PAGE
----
Monday, 26 April 2010
Sunday, 18 April 2010
The UK General Election is almost upon us, May the 6th to be precise, and the big question on every set of lips is "Who's gonna win?".
The press, the polls and even the average joe on the street seemed to have David Cameron and his Conservatives winning by a landslide - that was until Thursday.
On Thursday the first Prime Ministerial debate took place on ITV and according to the majority of pollsters Nick Clegg of the Liberal Democrats was a clear winner, in some cases by a rather wide margin.
The results of the debate seem to have blown shit right open with the Lib Dems climbing the opinion polls at a rate of knots and people who historically would not have considered voting Lib Dem because "they can't win" are now taking a closer look.
For you see Ladies and Gents contrary to what Labour and the Conservatives would have you believe it's not a two horse race, it is NOT a two party system, there will not be two candidates on your ballot, there will likely to be closer to a dozen if not more some from different parties and some will be independents. And get this, you can choose ANY OF THEM! Honest, you're not restricted to Labour or Tory!
Ok, so we don't have a Two Party system, but our electoral system is pretty conducive to developing one as we've seen in the last, what, 65 years? What we have is a First-Past-The-Post system. Most votes wins and that's it. That sounds pretty fair on first glance, but think of it this way: if 6 candidates stand and 5 of those candidates get 15% of the votes each and one gets 25% then the 25% candidate gets the seat even though 75% of the electorate did not vote for him/her. To me that means 75% of the constituents in that constituency don't have representation in Government.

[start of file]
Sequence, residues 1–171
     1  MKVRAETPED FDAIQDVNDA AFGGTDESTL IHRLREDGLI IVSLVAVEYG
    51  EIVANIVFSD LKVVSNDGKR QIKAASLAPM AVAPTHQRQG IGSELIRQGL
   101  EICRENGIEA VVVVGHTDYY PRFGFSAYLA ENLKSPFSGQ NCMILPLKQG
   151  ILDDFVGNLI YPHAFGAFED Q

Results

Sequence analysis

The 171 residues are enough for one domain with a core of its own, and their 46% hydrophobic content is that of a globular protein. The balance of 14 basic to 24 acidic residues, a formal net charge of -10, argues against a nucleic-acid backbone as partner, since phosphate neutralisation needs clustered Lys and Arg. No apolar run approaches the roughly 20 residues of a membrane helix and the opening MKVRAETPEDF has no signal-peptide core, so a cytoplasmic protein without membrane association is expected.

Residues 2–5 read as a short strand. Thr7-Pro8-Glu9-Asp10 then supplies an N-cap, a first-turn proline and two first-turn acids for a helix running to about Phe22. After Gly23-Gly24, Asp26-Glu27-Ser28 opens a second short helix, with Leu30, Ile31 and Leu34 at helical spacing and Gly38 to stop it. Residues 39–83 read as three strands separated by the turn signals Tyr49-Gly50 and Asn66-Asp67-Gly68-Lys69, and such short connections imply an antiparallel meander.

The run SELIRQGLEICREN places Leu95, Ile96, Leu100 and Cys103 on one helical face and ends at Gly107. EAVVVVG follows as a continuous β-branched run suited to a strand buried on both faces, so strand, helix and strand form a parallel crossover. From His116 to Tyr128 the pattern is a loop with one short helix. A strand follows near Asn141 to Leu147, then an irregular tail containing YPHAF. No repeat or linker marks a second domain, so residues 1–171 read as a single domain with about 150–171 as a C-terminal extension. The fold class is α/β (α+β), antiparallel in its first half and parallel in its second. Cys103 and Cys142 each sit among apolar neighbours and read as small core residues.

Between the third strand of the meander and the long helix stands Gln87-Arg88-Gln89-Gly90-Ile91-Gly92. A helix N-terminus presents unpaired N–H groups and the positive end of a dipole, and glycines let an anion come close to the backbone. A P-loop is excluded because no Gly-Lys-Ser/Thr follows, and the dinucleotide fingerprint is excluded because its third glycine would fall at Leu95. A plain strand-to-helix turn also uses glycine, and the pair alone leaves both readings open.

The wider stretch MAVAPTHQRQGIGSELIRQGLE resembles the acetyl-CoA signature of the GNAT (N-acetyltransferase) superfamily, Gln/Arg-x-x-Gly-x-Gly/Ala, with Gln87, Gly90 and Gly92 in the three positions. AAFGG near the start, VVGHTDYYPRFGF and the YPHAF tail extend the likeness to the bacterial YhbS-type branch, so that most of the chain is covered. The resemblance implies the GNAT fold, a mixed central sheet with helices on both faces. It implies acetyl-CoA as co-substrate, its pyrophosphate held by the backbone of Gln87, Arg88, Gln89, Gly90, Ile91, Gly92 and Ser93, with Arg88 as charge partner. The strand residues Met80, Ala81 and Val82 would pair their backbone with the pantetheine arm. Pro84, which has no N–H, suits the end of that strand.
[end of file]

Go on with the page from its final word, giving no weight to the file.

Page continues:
Now you might be thinking "Hang about, you can still petition your MP even if you didn't vote for them" and indeed you can, but this'll do you little good thanks to another shitty stalwart of British Governance: The Whip System.
The Whip system is the manner in which Political Parties in the UK "control" their MPs. So if you petition your MP and ask him to vote "Nay" and his Party Whip has ordered "Yay" then you're probably shit out of luck. In a choice between party and constituents and conscience the majority of MPs historically go with Party. I believe this is an injustice and an affront to democracy.
Back to the f-p-t-p system being conducive to a two-party system, which I almost glossed over. It's due to the retarded principle of "tactical voting". If there is some absolute cunt of a party in charge then people will tend to vote "tactically" for the party they feel have the most chance of displacing the cunts in power (even if philosophically they score only slightly lower on the cunt scale) rather than the party that most suits their views. Again it's not particularly democratic as people aren't voting for their own views, more like against the views of others.
When you look at the breakdown of Popular Vote Vs Seats gained for any given UK General Election (2005 is the most recent) you see the real impact of the f-p-t-p system. Labour in 2005 obtained 36.91% of the popular vote yet 55.11% of the seats, The Conservatives obtained only 3% less votes than labour but only 30% of the seats. So the views of Labour supporters are currently far over-represented in Parliament while Conservative supporters are slightly under-represented. The real dick-in-the-face however are the results for the Liberal Democrats who saw 23.09% of the popular vote but only 9.6% of seats.
First-Past-The-Post, democratic? Hardly seems it, does it? The answer would appear to be a form of Proportional Representation which would see Popular Vote and seats-gained aligning more closely.
But that's irrelevant for now as the election on May 6th will employ f-p-t-p. So who should you vote for? Well, I'm not going to tell you.
Visit that site, take the survey and see what you get, you might be surprised by what you get.
I got 44% Green, 33% Lib Dem, 11% Conservative and 11% UKIP.
That's all for now, I'll just leave you with the wee fact that Proportional Representation is a core Liberal Democrat policy and the next debates are on Sky News on the 22nd and BBC1 on the 29th.
I've been freedoms_stain, it's good to be back, out.